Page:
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Cassandra Wilson in Albany, NY

R.J. DeLuke By

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Wilson's voice remains one of the richest, deep and lush, immediately identifiable sounds in music... one note sung in the right place over a single chord can evoke a mood
Cassandra Wilson
The Egg
Albany, New York
March 22, 2009

"The music has a wonderful life beyond the recording," said renowned singer Cassandra Wilson about the music on her Grammy-winning CD from last year, Loverly. She spoke those words just days before her band made a tour stop at The Egg concert venue in Albany, NY, on March 22.

"It continues to grow and evolve. Really special and interesting things are happening with this project," she continued.

She was right, of course.

The band tore through a lot of the material from Loverly and a couple other chestnuts, meaning that most of the material was standards. But standards in the hands (and heart) of Cassandra Wilson aren't that standard.

Wilson's voice remains one of the richest and immediately identifiable sounds in music, deep and lush. It seems one note sung in the right place over a single chord can evoke a mood. And she toys with that ability to woo the listener. No lyric phrase is ever repeated the same way. Ever. No matter how many vocal choruses. She's always poking some other spot on the pillow, as if to experience what that might feel like, then she goes with her instinct and it comes out right.

She also is touring with a band that is Tight! Headed by long-time musical director Marvin Sewell on electric and acoustic guitars, the band is with her every step of the way. And she is with them. When not singing, she openly relishes their drive and creativity. She lets them play—it's not just singer with a music background. In concert, each piece is an arrangement within which vocals are part of the picture being painted.

The group kicked off the 90-minute set with "Caravan," but it started off with Sewell playing a southern blues on slide, then, as drummer Herlin Riley and percussionist Lekan Babalola joined in, it became music to a caravan march through an African desert. Sewell's solo later was a soaring rock music, more akin to Santana than Charlie Christian. He also blew hot blues notes through "A Sleepin' Bee." His guitar work throughout was terrific.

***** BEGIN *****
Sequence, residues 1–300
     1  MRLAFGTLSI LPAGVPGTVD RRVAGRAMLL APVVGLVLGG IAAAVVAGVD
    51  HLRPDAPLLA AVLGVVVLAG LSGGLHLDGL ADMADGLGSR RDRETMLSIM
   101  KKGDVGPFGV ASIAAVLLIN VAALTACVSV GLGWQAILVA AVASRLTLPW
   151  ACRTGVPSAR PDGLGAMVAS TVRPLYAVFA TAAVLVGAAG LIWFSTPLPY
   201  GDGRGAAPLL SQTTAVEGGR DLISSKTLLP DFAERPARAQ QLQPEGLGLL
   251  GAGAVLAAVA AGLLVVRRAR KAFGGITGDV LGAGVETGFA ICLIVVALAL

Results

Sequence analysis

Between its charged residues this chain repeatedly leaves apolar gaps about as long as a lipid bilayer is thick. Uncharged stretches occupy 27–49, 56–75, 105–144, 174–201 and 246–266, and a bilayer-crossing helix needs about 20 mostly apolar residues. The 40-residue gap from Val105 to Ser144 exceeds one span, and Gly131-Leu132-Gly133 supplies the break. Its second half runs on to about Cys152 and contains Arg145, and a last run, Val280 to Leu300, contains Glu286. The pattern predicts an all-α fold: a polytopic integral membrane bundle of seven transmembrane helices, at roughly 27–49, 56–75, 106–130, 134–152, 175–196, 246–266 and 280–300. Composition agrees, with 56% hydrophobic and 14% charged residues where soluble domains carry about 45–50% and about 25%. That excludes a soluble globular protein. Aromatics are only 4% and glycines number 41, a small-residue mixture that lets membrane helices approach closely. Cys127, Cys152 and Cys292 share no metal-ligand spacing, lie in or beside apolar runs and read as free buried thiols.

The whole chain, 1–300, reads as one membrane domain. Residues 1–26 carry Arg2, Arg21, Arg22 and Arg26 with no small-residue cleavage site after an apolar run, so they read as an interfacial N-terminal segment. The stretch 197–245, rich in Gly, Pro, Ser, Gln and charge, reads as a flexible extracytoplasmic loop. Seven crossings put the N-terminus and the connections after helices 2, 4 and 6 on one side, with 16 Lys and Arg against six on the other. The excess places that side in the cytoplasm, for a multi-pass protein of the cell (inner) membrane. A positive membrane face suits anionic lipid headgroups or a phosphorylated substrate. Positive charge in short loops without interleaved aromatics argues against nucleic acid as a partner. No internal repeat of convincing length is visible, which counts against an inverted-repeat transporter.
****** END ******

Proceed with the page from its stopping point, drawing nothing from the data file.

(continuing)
"Lover Come Back to Me" showed Wilson's improvisational ways with a lyric. She played with the rhythm, each successive phrase having its own cadence, but each tied to the next. Pauses. Staccato phrases. Soft slurs. Delicious. "Manha de Carnival" showed her in soft, sweet, smoky, sensual form, slowly delivering the American lyric to the popular song from "Black Orpheus."

The Nat Cole-associated standard "Sweet Lorraine," a duet with pianist Jonathan Batiste, was the closest she stayed to singing straight. There was delightful interplay between the two. The Billie Holiday vehicle "Them There Eyes," like "Lorraine," was also not from Loverly, but it was a superior up-tempo number in which Wilson was perhaps her most playful.

The highlights were the bluesiest numbers of the evening. "St. James Infirmary" was the funkiest, most down-home version imaginable. The entire group lent a New Orleans welcome to the music and melted the house. Sewell wailed on electric slide guitar. The sound of the band as a whole swelled The Egg and grooved the crowd.

Similarly, bluesman Robert Johnson's "Dust My Broom" smoked, marked by more soulful blues licks from Sewell. The latter evokes a vocal quality with his electric slide work. Wilson's hip blues vocals carried the tune across the jazz stream and into the best blues.

The music from her award-winning disk is much more dynamic live, as one would expect from a creative artist. The band is superb, and its leader is, yet again, remarkable.

She can flat-out do it.


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